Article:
Sunday, July 21, 2013

Let's not blame Eve because Adam ate the apple

They countered with a parody campaign, ‘Don’t Be That Girl’. It’s a response to the 2013 ‘Don’t Be That Guy’ anti-sexual assault campaign.

The goal of ‘Don’t Be That Guy’ is to reduce the incidence of sexual assault by reaching out to perpetrators in its target demographic, 18-25 year old males. The campaign uses bold and direct posters to address the specific problem of sexual violence where alcohol consumption plays a major role.  The message is unequivocal: no consent or sex with someone unable to consent is sexual assault. 

Men’s Rights Edmonton has taken exception to the message. Using the images and layout of the ‘Don’t Be That Guy’ posters, the group has altered the language to disseminate their message: women lie about rape.  

The group’s website defends the posters. One post presents the view that there is a “present imbalance in the collective psyche” that the group is challenging with the “pro-male message” of their posters.  The “pro-male message” is that women commonly make false accusations about rape and this makes men the victims.  The other post rationalizes that the campaign raises awareness about false allegations.  While the group is correct that false allegations of rape damage the lives of those wrongly accused and constitute a wrong, it demonstrates a skewed view of the nature and frequency of sexual assault.

Men’s Rights Edmonton would have Canadians believe that false allegations are the norm when in fact they are rare. Through propagating the myth that women frequently lie about rape, the group reinforces the culture of violence against women, condones rape and rationalizes it by placing blame on the victim. The first blogger quoted above, in a callous show of disdain, dismisses victimization as “that tired out chestnut”, rhetorically demanding, “Victim? What victim? Give proof.” In this view, the real victim is almost always the guy.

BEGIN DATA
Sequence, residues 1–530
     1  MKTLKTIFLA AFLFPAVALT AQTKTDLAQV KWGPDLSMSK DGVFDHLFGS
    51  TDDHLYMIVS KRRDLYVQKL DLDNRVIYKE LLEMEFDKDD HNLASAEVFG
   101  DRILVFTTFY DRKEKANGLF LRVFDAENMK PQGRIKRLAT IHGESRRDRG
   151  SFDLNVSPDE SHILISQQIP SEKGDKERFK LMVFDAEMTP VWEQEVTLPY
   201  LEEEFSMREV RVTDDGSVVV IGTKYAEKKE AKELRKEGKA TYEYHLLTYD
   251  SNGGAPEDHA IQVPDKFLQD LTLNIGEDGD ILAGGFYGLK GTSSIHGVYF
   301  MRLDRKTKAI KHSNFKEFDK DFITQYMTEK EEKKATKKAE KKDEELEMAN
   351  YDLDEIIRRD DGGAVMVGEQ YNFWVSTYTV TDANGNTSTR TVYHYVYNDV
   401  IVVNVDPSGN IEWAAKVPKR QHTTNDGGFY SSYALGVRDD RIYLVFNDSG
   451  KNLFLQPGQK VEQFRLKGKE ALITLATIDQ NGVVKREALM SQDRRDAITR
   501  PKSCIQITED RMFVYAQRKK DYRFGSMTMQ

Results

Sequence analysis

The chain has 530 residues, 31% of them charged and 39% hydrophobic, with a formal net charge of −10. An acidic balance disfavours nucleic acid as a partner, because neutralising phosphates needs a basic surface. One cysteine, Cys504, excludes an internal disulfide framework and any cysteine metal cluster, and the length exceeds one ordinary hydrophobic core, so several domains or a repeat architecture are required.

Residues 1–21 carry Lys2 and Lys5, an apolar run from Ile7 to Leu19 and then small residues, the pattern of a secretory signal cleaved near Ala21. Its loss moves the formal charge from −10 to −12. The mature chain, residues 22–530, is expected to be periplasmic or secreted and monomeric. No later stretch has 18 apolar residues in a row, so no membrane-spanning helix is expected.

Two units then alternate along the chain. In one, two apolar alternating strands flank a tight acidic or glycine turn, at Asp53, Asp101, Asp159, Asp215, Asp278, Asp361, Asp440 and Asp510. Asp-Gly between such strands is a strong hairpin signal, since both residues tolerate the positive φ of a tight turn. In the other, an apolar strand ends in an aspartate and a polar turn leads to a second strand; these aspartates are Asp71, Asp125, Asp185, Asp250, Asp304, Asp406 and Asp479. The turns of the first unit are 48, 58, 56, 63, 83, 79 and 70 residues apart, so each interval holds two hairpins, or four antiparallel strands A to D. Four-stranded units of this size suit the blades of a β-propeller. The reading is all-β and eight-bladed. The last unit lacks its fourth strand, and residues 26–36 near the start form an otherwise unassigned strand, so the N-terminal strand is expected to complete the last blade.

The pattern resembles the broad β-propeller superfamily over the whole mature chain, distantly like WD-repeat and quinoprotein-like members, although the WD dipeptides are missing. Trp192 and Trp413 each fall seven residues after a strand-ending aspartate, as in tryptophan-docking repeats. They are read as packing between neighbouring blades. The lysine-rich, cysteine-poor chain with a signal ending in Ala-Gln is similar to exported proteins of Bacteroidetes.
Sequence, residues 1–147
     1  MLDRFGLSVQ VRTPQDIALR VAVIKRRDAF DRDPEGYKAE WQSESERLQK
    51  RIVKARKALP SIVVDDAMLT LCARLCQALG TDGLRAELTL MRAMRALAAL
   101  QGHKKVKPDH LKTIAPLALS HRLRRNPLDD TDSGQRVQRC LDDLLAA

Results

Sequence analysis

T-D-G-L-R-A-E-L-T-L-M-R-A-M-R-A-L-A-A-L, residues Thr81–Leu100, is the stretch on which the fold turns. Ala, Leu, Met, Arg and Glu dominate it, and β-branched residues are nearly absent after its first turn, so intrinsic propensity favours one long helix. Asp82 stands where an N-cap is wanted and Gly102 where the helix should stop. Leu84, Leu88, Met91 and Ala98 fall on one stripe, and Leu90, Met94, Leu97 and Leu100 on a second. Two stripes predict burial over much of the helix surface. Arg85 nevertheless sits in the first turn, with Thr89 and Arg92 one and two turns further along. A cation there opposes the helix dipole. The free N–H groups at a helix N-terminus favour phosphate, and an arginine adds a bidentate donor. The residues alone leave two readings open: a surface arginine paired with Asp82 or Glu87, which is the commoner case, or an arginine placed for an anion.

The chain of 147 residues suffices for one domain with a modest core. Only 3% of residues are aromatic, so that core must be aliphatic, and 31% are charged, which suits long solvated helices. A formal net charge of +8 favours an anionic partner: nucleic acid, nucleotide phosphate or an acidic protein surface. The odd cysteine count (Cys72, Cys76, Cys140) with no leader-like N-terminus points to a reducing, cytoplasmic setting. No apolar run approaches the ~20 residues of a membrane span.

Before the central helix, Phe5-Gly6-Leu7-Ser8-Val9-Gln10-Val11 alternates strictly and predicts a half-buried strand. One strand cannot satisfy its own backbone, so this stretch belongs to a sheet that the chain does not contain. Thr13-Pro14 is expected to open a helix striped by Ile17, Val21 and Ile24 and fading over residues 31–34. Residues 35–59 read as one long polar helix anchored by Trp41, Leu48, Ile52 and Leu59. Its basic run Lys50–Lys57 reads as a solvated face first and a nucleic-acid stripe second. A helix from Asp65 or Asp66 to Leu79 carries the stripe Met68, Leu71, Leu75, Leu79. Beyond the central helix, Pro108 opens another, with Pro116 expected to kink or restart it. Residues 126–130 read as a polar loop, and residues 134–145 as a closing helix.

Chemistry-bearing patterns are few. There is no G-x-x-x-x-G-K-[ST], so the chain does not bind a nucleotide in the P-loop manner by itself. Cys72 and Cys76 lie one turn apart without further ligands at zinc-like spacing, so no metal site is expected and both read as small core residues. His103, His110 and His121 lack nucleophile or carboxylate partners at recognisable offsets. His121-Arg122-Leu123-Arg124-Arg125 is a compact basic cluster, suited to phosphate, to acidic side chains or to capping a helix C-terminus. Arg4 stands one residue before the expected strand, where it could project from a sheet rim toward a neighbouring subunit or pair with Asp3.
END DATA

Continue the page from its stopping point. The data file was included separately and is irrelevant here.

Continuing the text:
The suggestion that a woman is responsible for her rape is to blame Eve because Adam ate the apple. In this prelapsarian myth embedded in the collective psyche, Adam points the finger at Eve and protesting his innocence exclaims, “She made me do it.” It is an unconvincing denial of responsibility and a display of moral immaturity.

‘Don’t Be That Girl’ exposes a deeply subconscious attitude, that of ‘woman as seducer’, which has been part of the collective psyche for millennia.  Regrettably, 1 in 5 Canadians still hold this view, and think that women provoke sexual assault either by their actions or appearance.  Although not the intention of ‘Don’t Be That Girl’, the campaign places the onus for rape on the woman.

The members of Men’s Rights Edmonton who support, endorse and proudly defend the campaign might be naively oblivious to the very real problem of sexual violence against women; it is much more likely that they are willfully blind.  ‘Don’t Be That Girl’ demonstrates the necessity for ‘Don’t Be That Guy’.

Men’s Rights Edmonton has a peculiar idea of what constitutes an acceptable method of advocating for men falsely accused. Their tactics are offensive and dangerous; the parodic campaign is an affront to both men and women. To unabashedly transform an anti-sexual assault campaign into an attack on the integrity of women is a strange way to promote the dignity of men.

Saturday, July 6, 2013

Reading in the dog days of summer

It's a beautiful hot sunny summer's day. I've had my run, worked in the yard, and as soon as I complete this post, I'm going to pick up my book, ensconce myself under the shade of the gazebo and read.